Why a state of emergency would have been the best option for Uganda
Our history is tainted with bad memories of impunity and serious human rights violations and that partly explains why the Framers of the 1995 Constitution in the preamble were emphatic on starting with provisions that would safeguard history from repeating itself irrespective of the future prevailing circumstances.
The President of Uganda is surrounded by legal minds within the Central Executive Committee of the NRM, in the cabinet, His legal Team attached to his office, he has the Attorney General, Solicitor General, in Parliament, Presidential advisers, he has unlimited Chief justice, the Speaker of Parliament among others.
Am pretty sure one or two of these people institutions must have advised the President to invoke Article 110 of the Constitution by declaring a state of Emergency to deal with the Covid19 pandemic without bending or breaking the existing provisions especially those that are none derogable in nature. After all, the Government is restricted under the foregoing provision to ensure that measures instituted during a state of emergency are only required to be reasonably justifiable in the circumstances.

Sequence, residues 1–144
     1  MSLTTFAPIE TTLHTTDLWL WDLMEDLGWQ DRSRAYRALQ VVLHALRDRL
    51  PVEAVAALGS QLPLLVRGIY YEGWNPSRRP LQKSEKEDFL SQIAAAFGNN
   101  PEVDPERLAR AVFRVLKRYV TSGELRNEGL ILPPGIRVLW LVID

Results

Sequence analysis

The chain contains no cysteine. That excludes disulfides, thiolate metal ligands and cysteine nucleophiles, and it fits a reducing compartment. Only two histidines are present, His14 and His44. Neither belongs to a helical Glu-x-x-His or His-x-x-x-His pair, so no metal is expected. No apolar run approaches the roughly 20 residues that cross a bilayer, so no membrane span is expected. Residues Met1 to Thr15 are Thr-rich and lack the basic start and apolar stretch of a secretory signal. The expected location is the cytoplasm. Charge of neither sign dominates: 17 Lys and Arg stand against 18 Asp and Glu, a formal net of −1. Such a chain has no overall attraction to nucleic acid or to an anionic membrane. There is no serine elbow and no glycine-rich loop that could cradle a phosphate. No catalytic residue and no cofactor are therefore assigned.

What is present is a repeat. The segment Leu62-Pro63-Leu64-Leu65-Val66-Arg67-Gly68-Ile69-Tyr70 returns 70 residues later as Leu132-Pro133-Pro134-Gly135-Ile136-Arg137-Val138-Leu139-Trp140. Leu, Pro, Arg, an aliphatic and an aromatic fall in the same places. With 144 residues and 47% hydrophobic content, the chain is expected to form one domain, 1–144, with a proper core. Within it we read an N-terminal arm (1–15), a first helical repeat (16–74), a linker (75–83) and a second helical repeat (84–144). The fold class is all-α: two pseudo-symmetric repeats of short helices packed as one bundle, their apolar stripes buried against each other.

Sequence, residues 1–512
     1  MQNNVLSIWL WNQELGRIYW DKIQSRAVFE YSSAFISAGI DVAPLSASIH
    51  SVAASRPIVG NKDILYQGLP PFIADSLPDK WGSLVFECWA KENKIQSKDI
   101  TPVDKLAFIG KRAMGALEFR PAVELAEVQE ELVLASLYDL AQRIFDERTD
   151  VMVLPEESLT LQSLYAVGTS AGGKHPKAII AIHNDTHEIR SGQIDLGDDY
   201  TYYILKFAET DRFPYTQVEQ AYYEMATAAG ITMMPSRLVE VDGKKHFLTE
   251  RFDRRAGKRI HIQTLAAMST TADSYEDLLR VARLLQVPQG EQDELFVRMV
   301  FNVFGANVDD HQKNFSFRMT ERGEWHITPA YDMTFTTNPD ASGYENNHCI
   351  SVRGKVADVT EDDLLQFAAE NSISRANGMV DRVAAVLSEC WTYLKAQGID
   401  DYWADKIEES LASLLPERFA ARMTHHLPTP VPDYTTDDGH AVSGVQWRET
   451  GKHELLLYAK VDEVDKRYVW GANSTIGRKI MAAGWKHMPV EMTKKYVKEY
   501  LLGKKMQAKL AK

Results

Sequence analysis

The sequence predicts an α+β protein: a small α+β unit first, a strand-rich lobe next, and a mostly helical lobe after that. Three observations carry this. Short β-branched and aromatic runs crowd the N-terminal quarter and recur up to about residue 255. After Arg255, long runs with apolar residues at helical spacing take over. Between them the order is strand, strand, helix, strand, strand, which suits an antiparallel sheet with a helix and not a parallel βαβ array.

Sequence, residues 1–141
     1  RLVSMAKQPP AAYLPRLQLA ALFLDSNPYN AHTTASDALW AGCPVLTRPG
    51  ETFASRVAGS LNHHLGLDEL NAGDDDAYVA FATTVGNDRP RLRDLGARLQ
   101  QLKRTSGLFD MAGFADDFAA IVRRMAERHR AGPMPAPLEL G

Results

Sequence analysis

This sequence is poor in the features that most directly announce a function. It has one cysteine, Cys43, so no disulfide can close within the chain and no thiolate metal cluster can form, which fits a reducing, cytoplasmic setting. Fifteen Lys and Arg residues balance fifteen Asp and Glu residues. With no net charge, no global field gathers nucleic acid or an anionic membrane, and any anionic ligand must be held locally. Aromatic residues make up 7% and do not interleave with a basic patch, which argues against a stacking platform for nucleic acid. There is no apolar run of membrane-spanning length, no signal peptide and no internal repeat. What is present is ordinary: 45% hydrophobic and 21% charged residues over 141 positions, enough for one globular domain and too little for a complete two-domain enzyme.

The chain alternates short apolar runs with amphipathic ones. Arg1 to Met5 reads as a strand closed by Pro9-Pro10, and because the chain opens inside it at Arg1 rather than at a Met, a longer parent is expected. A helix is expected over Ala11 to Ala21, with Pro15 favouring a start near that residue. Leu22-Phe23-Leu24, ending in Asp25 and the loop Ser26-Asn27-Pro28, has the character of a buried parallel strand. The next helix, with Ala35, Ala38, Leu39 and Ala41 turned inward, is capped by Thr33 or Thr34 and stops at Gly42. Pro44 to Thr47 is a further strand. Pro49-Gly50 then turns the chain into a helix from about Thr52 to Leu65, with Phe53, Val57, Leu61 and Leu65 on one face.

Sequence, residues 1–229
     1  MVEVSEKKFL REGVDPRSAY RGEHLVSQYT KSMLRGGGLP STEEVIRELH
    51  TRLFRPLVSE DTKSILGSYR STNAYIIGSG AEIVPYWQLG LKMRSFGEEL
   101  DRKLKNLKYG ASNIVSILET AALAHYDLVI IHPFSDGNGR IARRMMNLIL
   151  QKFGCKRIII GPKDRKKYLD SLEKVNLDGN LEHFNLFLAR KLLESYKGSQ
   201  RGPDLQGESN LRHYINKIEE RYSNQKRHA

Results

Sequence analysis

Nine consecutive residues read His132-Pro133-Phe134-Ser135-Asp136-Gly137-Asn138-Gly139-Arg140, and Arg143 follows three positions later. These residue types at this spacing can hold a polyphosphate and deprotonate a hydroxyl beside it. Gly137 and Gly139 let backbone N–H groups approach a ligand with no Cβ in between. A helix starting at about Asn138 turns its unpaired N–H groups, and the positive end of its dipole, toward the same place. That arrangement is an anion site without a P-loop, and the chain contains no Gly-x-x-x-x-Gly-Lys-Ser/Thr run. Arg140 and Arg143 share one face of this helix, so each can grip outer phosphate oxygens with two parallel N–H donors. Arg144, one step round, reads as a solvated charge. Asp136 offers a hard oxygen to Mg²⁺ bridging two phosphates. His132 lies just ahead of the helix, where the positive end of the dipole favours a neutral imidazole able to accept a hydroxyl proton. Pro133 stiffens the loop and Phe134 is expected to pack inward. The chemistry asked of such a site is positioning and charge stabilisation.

Under Article 46(1) of the Constitution, an Act of Parliament shall not be taken to contravene the rights and freedoms guaranteed under the Constitution if that act authorizes the taking of measures that are reasonably justifiable for dealing with a state of emergency which can be premised on matters affecting Public health and safety.